An Iterative Research Process

The biggest challenge in doing business research on the web these days is sifting through all the stuff out there to find the most informative sources and best foundation for your analysis.  Because commodity information is so cheap and easy to produce these days, it can crowd out the sources you’re really looking for.  To avoid wading through millions of sources aimlessly, you need a strategy.

Think of research as an iterative process where you create a chain of searches going from general concepts to specific ones.  You’ll find the right facts when you get down to concepts specific enough to eliminate redundant general content but still broad enough to avoid hitting keyword-stuffed pages like job postings.

The process goes something like this:

  1. Search
  2. Identify relevant concepts
  3. Organized and prioritize them
  4. Iterate one level down with searches on the most important topics

The goals are to focus your time on high-priority concepts instead of whatever happens to come up and to start organizing your thoughts for what your deliverable will look like while you are doing research.  The biggest mistake most business analysts make in research projects is to spend too much time looking for data, past the point of diminishing returns, and not enough time thinking about the information and how to analyze it.  Taking a concept-based approach from the beginning is one way to avoid that trap.

A Home Depot example

To walk through a concrete example, let’s say you are doing research on Home Depot’s strategy as part of an analysis of the home improvement retail industry.  One good approach is to start with general background sources to get a sense for the company’s strategy.  In this case, however, let’s try the iterative approach I described, starting with a web search on “Home Depot strategy” to see what comes up.  Walking through the first 30 results or so, I came across a moderate amount of useful information, but more importantly some notable terms to follow up on.  After grouping them together, here are a few of the topics I would look into further:

  • Management
    • Frank Blake, CEO
    • Bob Nardelli, former CEO
    • Matt Carey, CIO
    • Bob DeRodes, former CIO
    • Craig Menear, EVP Merchandising
  • Store strategy
    • Store format / store layout
    • Store modernization
    • Store leadership program
    • Expo Design Centers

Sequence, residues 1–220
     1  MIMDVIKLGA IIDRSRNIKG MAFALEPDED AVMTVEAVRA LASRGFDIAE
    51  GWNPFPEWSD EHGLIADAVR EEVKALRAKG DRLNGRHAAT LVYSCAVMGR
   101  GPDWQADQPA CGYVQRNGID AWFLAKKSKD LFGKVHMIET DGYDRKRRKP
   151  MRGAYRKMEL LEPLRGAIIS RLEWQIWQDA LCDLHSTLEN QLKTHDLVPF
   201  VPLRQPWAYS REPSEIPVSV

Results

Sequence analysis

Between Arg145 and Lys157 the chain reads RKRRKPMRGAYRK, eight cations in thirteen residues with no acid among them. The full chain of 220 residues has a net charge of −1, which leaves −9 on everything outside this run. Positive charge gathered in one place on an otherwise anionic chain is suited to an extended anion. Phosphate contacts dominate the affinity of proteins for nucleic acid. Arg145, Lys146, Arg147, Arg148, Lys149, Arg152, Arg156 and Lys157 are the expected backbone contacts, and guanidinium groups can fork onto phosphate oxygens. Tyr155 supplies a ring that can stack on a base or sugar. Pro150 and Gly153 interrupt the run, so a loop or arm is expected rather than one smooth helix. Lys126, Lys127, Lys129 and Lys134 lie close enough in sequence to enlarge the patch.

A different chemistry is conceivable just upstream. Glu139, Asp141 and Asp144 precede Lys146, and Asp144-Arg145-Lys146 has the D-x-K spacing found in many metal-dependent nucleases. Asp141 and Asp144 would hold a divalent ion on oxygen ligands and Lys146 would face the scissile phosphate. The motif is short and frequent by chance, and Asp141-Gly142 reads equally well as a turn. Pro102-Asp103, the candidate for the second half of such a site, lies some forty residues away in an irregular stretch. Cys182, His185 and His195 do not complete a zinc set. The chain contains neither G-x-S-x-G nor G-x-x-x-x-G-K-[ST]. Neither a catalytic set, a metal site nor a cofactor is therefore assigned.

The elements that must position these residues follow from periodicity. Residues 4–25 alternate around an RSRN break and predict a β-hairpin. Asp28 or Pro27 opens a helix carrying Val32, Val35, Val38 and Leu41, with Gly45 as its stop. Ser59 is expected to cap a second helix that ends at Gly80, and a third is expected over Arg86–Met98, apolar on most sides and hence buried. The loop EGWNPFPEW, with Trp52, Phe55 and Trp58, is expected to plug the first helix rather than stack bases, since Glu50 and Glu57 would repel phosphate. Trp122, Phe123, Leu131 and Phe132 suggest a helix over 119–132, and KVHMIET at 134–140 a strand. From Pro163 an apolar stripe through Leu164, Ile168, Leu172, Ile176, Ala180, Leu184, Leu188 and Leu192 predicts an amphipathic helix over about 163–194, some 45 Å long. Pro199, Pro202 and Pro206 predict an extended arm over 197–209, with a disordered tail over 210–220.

• Home Depot Supply
    • “Clustering strategy”
  • Customer service
    • American Customer Satisfaction Index
    • Harris Interactive Reputation Quotient
    • “Customer cultivation”
    • Staffing levels
  • Marketing strategy
    • Merchandising
    • Multichannel marketing
    • “Every day value”
  • Other
    • Executive turnover
    • Lowe’s
    • Hughes Supply Acquisition
  • While some of these company-specific phrases sometimes lead to overly-specific pages like job postings, they can also help you strike the information jackpot.  For example, Home Depot is currently positioning itself as “every day value,” but searching on that term mostly inundates you with job postings and other less than useful pages.  Of course, it also brings up a good presentation on merchandising by EVP Craig Menear, which provides amazingly detailed information on how Home Depot is working to use “destination” product lines to drive sales of complementary products.

    Looking at these results, you can start to see the outline of a few analyses that might be interesting to present to a client.  One might be a chart showing Home Depot’s customer satisfaction scores over the last few years combined with changes in staffing policies and other initiatives as well as financial results.  It seems like customer service has been one of the hot-button issues for the company over the last few years, and one that led to former CEO Bob Nardelli’s departure in 2007.

    By partitioning your search out this way, you also get halfway to a document outline.  Even when you’re in the middle of looking for data, never let yourself get so absorbed in the research process that you neglect to keep thinking through what you’re going to do with it.